The title says it all: What are you solving? No matter what kind of company you are, nor which division, knowing can dramatically change your interaction and promotion with the product / service. Specifically, you want to nail down what problem your customer is having and how you solve this with the aforementioned product / service.
Now this can bare to mind more of a business strategy question, but the insights that come from knowing this answer is important no matter your position.
Why is it important to address the customer’s problem?
Knowing what their issue is not only allows you to better present your product / service, but it allows you more insight into the customer themselves. A company that knows their customer’s problem and works to address all aspects of it is normally one that has excellent customer service. Not only is a great product / service a requirement for most customers, so is the service.
Additionally, you may be solving a different issue than you were aware of with a different market. Look at Pedialyte. They started out as a beverage company for children, but discovered that people were using them for a hangover cure, and now have produced drinks for optimal hydration for adults—hangovers to sports!
Being aware of what customer’s will go through and how you can solve their issue can improve your overall business’s success; including customer retention and acquisition.
How do you identify customer problems?
Solving customer problems isn’t just after they have interacted with your company; it can take place before then as well, such as when you are marketing and trying to acquire them. With a background in startups, something that drew me to them was this idea of taking the customer’s problem and creating a product / service out of that. However, it doesn’t have to be restricted to startups or companies that have yet to design a product / service. Simply changing the way you view this can be a positive influence on your marketing strategy.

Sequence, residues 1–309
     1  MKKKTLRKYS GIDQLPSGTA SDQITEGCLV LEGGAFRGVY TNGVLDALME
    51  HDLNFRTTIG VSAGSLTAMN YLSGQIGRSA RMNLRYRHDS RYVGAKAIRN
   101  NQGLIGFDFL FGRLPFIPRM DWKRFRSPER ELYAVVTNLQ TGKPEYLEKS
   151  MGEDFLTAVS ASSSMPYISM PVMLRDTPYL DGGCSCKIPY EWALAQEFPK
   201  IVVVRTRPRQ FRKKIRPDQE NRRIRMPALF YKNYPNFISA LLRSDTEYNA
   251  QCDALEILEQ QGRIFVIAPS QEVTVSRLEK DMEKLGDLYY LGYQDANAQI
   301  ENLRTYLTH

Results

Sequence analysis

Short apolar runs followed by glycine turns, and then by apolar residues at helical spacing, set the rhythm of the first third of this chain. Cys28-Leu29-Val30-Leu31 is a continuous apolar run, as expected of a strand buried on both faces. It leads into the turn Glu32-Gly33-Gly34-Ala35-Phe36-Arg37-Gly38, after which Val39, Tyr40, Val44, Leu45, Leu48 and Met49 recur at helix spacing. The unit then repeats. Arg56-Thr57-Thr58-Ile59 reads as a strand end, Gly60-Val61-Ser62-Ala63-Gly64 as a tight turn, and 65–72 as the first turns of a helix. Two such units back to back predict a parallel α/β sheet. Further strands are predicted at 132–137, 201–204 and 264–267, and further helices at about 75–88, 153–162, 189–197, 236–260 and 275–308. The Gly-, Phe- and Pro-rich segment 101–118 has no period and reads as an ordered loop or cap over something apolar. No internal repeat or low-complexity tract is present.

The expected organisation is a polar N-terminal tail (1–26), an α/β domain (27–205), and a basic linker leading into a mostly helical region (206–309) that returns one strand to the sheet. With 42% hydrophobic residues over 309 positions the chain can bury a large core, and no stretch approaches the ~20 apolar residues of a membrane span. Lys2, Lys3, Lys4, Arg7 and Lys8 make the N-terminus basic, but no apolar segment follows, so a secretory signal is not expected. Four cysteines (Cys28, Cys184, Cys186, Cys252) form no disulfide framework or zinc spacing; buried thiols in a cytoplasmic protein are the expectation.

First, let’s address the kind of problems that you should be solving:
Make sure the problem is relevant
Make sure you can solve the problem
Make sure your solution is profitable / proportionate to the revenue people are willing to pay for it
For people to want to purchase what you have, it needs to be relevant in their lives. Identify if they have a current product /service that is solving this for them, are they doing work arounds, or unable to solve it at all—each will lead you down different ways to market. Next, it needs to be solvable. If there is competition in the industry and others are doing what you are doing, it is solvable. But if you are an innovator, identify if there are restrictions that could keep the MVP from being solvable (laws, resources, technology, societal ideals, etc). Lastly, make sure that you can balance your costs with your income. Even non-profits have to find a way to pay for their services and employees, make sure you can do the same.
How do you figure out what you are solving?
The best way to find out how will always be talking to customers themselves. Surveys, questionnaires, observations, conversations, etc. True data and insights requires research. There may be research already out there and you just need to review it, or you may need to conduct some yourselves.
If you don’t have access to internal data, you can try proxy data from external sources. It is best to try and find some tangible, quantifiable data to lead your decisions if possible. Some testing can also come from presenting a couple of mockups and seeing what is drawing more people in. Data driven decisions are oftentimes the best ones because they can keep you from shooting blind and wasting resources.
A lot of marketing is learning, reflection and reaching customers where and how they want to be reached. Understanding not just what you are selling but how it is improving people’s lives, whether big or small, will make your marketing more impactful.
Think back on the most successful campaigns you’ve done before or the ones that have attracted you to a new company / product /service. What was it about them that drew you in? Was it solely the technical details of the product / service? Or did they also tap into an emotional component?
After you identify the problem, you can also address the different buying stages someone may go through when learning more about your solution. To learn more about this, we have a few resources you can read that will dive into the topic deeper, as well as you can reach out to a LiveFive marketing team member today.